gabf: how to not be that guy

Posted on: September 19, 2018

Because GABF attendees, Colorado, and, indeed, the world have changed since I wrote my first GABF advice post in 2014, I felt it was due an update. While the majority of my advice remains the same, there are some key items that I missed that must be remarked upon.

One of the most popular GABF-season posts is advice on how to “survive” the festival. What’s kind of sad is how many of these posts are necessary. And how many are very, very unnecessary. I’m not sure which category this post falls in to, but I felt that my 13 years of attending, volunteering for, and working at GABF might benefit some folks attending for the first time. Or second. Or tenth. Because apparently some things bear repeating.

  1. Do not bring a backpack. I’m stating this up front, because this will be your first issue. At the doors there is hired security who will not allow you in with a backpack. Yes, women can bring massive purses in without an issue. Yes, this is stupid and arbitrary. No, it doesn’t change the rule. In fact, if you want to get it quicker, don’t bring any bags. Why do you need a big bag anyway? If you’re planning on buying something from a vendor, they have bags. If you have a coat… don’t have a coat it’s going to be hot as balls out… or tie it around your waist (the coat, not the heat). If you have a bag, security will search it and send you away if you have anything “illicit” like food that you can’t wear around your neck, weapons, or beer.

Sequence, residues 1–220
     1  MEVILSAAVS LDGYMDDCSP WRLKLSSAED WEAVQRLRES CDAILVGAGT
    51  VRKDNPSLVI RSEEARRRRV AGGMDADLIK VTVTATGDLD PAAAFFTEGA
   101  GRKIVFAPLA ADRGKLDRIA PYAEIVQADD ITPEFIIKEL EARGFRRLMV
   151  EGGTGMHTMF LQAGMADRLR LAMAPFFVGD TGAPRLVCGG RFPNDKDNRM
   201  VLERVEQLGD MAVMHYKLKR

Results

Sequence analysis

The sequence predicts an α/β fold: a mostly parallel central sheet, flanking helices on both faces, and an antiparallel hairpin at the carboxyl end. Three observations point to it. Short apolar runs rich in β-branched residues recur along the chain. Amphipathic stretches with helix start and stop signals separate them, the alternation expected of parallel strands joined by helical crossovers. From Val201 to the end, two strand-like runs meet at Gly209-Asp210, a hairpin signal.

2. Do not bring your kids. Really? This has to be said? Even if your kid is a month old and you just can’t bear to leave your adorable little sex fruit with a babysitter, it’s still not okay. First off, the fest is very, very loud. Way too loud for adult ears, let alone Sweetpea’s little ones. Second, it’s a BEER FEST. This is a place where adults should be allowed to be free of screaming babies, diapers, and bottles. Third, the ticket says 21+, but for some reason I see 2-3 babies every session and, inevitably, baby will get bumped into by some drunk person, mom or dad will get super mad, and there will be a confrontation. You know what prevents this? Leaving the kid at home. Again, why do I have to explain this?